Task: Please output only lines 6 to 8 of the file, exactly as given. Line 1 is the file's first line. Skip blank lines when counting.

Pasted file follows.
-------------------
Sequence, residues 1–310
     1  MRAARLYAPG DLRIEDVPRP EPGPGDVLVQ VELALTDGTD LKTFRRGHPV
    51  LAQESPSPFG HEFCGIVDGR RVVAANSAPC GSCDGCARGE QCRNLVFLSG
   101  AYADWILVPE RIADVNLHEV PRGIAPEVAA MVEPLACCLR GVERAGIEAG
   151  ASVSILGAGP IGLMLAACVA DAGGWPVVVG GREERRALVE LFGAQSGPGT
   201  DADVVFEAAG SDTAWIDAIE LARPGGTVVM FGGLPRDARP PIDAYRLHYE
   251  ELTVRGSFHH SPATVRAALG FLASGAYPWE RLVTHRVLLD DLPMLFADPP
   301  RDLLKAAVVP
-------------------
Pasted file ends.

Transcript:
   201  DADVVFEAAG SDTAWIDAIE LARPGGTVVM FGGLPRDARP PIDAYRLHYE
   251  ELTVRGSFHH SPATVRAALG FLASGAYPWE RLVTHRVLLD DLPMLFADPP
   301  RDLLKAAVVP